"Monsieur," Jacqueline questioned demurely, and in her most treacherous way, "how much longer do we yet follow you up and down mountains?"

"W'y, uh—I'm going to the City of Mexico."

"And we others, we may tag along, n'est-ce pas? But the city is far, far. And, to-night?"

"Of course," said Driscoll, "if you should happen to know of a good hotel——" He paused and gazed inquiringly over hills covered with banana and coffee to the frost line. He would not have tried a frailer temper so, but to provoke hers was incense to his own.

"You others, the Americans," she said tentatively, as though explaining him to herself, "you are so greedy of this New World! You won't give us of it, no, not even a poor little answer of information. Alas, Monseigneur the American, I apologize for being on this side the ocean at all—in a tattered frock."

Driscoll looked, but he could see nothing wrong. She seemed as crisp and dainty as ever. If there were any disarray, it was a fetching sort, with a certain rakish effect.

"Oh that's all right," he assured her heartily, "you can stay."

"Really, and after you've been writing us notes from Washington to—to 'get out'? We French people do not think that was polite."

"I never wrote you any notes, and," he added in a lowered tone, "the devil take Washington, since Lee didn't!"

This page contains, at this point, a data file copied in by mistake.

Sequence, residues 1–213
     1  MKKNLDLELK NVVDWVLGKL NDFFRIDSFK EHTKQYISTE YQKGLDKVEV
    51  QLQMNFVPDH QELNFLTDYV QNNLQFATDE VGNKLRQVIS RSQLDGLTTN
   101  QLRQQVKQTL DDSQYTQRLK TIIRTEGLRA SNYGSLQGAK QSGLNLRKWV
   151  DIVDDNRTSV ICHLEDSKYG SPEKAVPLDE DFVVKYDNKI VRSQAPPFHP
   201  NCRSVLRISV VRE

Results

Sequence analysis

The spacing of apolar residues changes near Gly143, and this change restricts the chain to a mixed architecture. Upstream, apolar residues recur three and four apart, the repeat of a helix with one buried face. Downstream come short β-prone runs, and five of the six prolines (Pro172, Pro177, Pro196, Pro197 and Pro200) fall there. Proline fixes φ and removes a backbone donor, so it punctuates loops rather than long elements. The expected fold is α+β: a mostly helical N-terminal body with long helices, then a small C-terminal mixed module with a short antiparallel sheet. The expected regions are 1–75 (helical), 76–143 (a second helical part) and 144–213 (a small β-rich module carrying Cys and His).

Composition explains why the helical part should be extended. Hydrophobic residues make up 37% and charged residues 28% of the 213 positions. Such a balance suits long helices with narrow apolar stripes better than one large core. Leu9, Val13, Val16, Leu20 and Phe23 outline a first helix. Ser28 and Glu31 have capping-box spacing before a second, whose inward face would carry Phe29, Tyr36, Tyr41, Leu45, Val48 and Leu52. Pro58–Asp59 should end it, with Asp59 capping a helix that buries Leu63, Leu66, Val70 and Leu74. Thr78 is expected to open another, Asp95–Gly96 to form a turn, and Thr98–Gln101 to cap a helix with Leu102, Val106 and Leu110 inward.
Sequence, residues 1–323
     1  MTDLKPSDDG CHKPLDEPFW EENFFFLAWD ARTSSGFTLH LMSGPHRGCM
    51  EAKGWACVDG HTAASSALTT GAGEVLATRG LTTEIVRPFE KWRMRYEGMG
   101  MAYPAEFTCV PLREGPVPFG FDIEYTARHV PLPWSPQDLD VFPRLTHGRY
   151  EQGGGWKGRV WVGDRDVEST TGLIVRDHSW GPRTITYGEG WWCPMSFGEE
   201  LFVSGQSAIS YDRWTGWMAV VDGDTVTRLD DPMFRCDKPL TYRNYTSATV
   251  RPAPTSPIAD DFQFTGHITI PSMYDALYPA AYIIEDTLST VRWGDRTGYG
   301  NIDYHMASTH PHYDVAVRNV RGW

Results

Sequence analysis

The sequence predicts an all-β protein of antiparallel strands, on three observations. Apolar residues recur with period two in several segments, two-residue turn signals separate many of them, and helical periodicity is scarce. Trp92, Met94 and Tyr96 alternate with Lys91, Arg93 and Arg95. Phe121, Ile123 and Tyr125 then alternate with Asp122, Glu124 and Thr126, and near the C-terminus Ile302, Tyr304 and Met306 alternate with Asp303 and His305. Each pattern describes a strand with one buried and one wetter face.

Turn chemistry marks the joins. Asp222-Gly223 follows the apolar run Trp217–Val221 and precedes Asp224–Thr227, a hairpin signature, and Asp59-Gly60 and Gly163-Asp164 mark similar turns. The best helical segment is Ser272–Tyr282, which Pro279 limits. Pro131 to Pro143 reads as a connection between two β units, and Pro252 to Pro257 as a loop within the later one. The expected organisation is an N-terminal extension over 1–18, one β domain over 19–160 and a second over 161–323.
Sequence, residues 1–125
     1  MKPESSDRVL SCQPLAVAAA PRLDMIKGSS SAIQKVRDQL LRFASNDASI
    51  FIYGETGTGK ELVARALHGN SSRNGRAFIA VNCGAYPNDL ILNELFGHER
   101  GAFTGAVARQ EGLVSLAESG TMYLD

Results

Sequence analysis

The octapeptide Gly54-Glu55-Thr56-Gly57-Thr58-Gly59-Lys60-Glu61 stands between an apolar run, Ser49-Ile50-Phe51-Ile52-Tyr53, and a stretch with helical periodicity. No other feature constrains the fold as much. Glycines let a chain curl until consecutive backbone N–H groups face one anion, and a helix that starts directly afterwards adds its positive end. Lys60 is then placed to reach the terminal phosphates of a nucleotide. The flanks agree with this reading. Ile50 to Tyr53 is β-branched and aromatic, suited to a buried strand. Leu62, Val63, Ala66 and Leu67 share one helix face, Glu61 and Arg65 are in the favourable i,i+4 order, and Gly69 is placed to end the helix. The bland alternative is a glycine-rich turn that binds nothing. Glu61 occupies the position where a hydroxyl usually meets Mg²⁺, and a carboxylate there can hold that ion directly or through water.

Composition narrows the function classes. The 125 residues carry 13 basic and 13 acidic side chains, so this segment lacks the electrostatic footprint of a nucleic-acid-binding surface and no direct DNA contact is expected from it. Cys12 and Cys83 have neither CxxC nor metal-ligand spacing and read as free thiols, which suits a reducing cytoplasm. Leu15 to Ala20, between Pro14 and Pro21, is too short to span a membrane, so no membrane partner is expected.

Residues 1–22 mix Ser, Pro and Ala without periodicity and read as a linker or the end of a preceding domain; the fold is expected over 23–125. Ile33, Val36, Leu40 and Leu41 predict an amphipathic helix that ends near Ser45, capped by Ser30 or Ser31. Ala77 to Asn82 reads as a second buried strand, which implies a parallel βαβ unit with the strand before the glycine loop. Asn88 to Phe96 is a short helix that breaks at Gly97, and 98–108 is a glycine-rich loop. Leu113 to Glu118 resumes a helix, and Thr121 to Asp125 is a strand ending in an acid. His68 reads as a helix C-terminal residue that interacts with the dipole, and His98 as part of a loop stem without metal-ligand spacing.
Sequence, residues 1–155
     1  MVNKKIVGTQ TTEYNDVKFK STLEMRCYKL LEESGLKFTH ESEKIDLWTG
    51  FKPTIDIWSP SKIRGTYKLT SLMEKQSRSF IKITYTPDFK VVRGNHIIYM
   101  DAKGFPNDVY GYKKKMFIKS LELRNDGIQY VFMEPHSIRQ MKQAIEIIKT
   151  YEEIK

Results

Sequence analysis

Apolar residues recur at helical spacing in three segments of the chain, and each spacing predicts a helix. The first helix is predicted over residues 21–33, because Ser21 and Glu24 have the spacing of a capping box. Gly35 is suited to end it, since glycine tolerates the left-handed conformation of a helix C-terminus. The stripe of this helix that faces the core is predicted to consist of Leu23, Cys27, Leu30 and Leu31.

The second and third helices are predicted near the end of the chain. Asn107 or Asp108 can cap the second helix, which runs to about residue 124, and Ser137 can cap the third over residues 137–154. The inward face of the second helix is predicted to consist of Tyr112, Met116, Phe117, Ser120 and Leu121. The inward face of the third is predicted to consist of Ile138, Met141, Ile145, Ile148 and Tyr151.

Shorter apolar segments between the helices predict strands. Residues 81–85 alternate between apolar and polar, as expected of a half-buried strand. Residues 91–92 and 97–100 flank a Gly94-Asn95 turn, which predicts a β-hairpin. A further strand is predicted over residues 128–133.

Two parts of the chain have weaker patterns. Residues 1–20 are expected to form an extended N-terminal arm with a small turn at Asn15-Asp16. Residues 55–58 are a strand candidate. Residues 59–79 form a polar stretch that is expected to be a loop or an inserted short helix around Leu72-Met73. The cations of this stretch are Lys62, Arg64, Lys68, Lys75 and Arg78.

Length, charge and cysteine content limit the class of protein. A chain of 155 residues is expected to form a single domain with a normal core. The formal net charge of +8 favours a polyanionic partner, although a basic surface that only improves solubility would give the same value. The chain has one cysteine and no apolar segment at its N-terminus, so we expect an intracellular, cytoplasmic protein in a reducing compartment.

Jacqueline's lips pursed suddenly like a cherry. "Oh pardon me," she exclaimed. "I did not know. And so you are a—a Confederate? But," and the gray eyes fastened upon him. She rode, too, so that she could see his face, just ahead of her, "but your faction, the—yes, the South—she is already vanquis—no!—whipped? I—I heard."

He did not reply, but his expression disturbed her unaccountably. She could almost note the whimsical daredeviltry fade from his face, as there came instead the grimmest and strangest locking of the jaws. She tried to imagine the French beaten and her feelings then, but it was difficult, for her countrymen were "the bravest of the world, the unconquered." They had borne victory over four continents, into two hemispheres. But this American, what must he feel? He was thinking, in truth, of many things. Of his leave taking with his regiment, with those lusty young savages of Missourians whom perhaps he was never to see again. He was thinking of his ride through the South to Mobile, of the misery in stubborn heroism, of the suffering everywhere, matching that in the dreary fever camp of the Old Brigade. He was thinking of all the beautiful Southland torn and ravaged and of the lowering cloud of finality. Of the Army of Northern Virginia so hard pressed; of the doom of Surrender, a knell already sounded, perhaps. Never had Jacqueline seen such bitterness on a human face. It was a man's bitterness. And almost a desperado's. At least there was the making of a desperado in the youth of a moment before. She caught herself shuddering. There was something so like a lurking death astride the yellow horse in front of her.